Paddling through Forest Lagoon at the edge of Bathurst Harbour, with Mount Rugby behind. Photo: Andrew Bain Paddling through Forest Lagoon at the edge of Bathurst Harbour, with Mount Rugby behind. Photo: Andrew Bain
Paddling through Forest Lagoon at the edge of Bathurst Harbour, with Mount Rugby behind. Photo: Andrew Bain
Australia’s national anthem is clear about this: our home is girt by sea. We’re a country of coastline – about 35,000 kilometres of it – and while you can drive parts of it and walk others, seeing it from water level in a kayak is incomparable.
There are countless kayaking opportunities across the country, both along the coast and in the rivers that vein the land, running from mild to wild and everything in between. Here are 10 of the best kayak trips. Hinchinbrook Island, Queensland
Australia’s largest island national park is a double-edged sword for kayakers. Paddle the inside Hinchinbrook Channel and you’d be croc bait, but paddle the outside coast and you have one of the country’s most spectacular sea-kayak trips.
The island is best known to bushwalkers because of the presence of the spectacular Thorsborne Trail, but I’ve hiked the trail and I’ve kayaked the island’s length, and the paddling wins hands-down. The island’s steep peaks rise behind palm-lined beaches, while turtles and even the occasional dugong surface regularly from the sea. All the while, beaches and camps give easy access to many of the Thorsborne Trail’s signature sights, such as Nina Peak and Zoe Falls.
Once you reach Hinchinbrook’s northern tip, it’s an island hop north – Goold, Hudson, Coombe, Bedarra, Dunk Islands – into Mission Beach.
World Expeditions and Coral Sea Kayaking run kayaking trips along Hinchinbrook Island.
Hinchinbrook Island nprsr.qld.gov.au/parks/hinchinbrook
World Expeditions worldexpeditions杭州夜网m
Coral Sea Kayaking coralseakayaking杭州夜网m Ngaro Sea Trail, Queensland
Though curiously listed as one of Queensland’s “Great Walks”, the Ngaro Sea Trail is a kayaking circuit through the Whitsunday Islands, linking a handful of short walking tracks. The complete trail loops around Whitsunday Island, but in reality you can make up the route yourself, picking and choosing islands, beaches and campsites depending on wind and ocean conditions. Walking trails along the way lead to expansive viewpoints at the likes of Whitsunday Cairn and Spion Kop (South Molle Island), and an Aboriginal rock-art site on Hook Island.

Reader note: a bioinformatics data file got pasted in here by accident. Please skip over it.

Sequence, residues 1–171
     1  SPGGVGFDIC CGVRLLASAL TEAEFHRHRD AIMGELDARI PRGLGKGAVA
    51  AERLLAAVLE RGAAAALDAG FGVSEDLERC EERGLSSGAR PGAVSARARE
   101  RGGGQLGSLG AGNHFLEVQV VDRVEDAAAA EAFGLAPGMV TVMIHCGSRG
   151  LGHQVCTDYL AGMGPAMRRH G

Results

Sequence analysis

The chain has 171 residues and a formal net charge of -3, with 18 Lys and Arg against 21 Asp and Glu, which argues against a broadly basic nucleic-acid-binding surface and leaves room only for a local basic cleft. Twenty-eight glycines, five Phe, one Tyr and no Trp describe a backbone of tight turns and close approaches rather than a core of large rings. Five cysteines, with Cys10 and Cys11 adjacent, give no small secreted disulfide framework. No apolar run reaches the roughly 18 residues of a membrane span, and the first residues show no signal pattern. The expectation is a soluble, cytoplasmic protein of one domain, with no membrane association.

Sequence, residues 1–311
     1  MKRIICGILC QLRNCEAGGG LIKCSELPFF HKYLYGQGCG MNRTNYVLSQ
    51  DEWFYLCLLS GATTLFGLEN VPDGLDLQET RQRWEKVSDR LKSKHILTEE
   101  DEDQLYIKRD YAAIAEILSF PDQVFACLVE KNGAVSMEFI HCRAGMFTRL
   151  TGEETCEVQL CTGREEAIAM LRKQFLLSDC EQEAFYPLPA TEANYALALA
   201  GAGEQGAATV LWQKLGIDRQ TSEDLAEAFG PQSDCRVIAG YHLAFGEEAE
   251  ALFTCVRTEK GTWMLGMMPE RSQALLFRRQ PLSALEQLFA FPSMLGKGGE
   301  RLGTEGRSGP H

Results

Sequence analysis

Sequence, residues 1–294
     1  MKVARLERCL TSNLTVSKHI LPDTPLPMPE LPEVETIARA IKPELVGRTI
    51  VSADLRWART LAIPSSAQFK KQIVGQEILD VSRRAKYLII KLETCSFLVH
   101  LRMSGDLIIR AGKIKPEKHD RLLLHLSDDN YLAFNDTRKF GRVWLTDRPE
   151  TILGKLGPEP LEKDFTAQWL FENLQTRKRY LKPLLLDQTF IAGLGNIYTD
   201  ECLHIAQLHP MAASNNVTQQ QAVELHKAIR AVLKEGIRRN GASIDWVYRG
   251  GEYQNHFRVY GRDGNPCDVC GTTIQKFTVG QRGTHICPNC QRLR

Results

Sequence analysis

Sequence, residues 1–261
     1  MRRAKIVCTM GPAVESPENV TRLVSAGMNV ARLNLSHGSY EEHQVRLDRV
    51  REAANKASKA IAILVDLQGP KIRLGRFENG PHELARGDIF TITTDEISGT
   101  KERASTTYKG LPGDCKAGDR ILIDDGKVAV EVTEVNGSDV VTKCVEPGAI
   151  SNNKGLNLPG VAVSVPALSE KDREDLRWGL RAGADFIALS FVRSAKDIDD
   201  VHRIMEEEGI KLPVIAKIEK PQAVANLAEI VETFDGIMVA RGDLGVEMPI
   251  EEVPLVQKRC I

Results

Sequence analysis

If you want to skip the long open-water crossing of the Whitsunday Passage, Salty Dog Sea Kayaking’s water taxi service can deliver you and your kayaks to a variety of island campsites.
Ngaro Sea Trail nprsr.qld.gov.au/parks/whitsunday-ngaro-sea-trail
Water taxi service saltydog杭州夜网m.au Ningaloo Reef, Western Australia
To many it might only be Australia’s other reef, but to a kayaker Ningaloo is Australia’s true great barrier reef. Along the shores of Cape Range National Park, this World Heritage-listed ribbon of coral runs close to land, creating lagoon-like conditions for paddling. Roll overboard into the azure sea and you can be snorkelling among coral bommies, reef sharks, loggerhead turtles and a marine rainbow of fish.
Capricorn Sea Kayaking runs a range of trips on the reef, from day paddles to five-day trips exploring a new section of reef each day.
Capricorn Sea Kayaking capricornseakayaking杭州夜网m.au Freycinet Peninsula, Tasmania
Let’s make this clear from the outset: you won’t see Wineglass Bay from a kayak when you paddle at Freycinet. But once you’ve nosed around this peninsula’s other bays and beaches, you probably won’t care.
You can take the leisurely paddling path and join a three-hour kayak tour around Coles Bay, cutting across the foot of the Hazards mountains, or come for a night and kayak to a camp on Hazards Beach – from here you can walk across the isthmus to Wineglass Bay, after all. You might even want to settle in for a few days with an expedition trip to little-visited Schouten Island to camp among penguins and explore sea caves in your kayak.
Trips are operated by Freycinet Adventures.
Freycinet Adventures freycinetadventures杭州夜网m.au Katherine Gorge, Northern Territory
Paddle into a classic slice of outback scenery. The centrepiece of Nitmiluk National Park, Katherine Gorge is a series of 13 gorges chipped into the Arnhem Land escarpment, and is a place best seen from a canoe.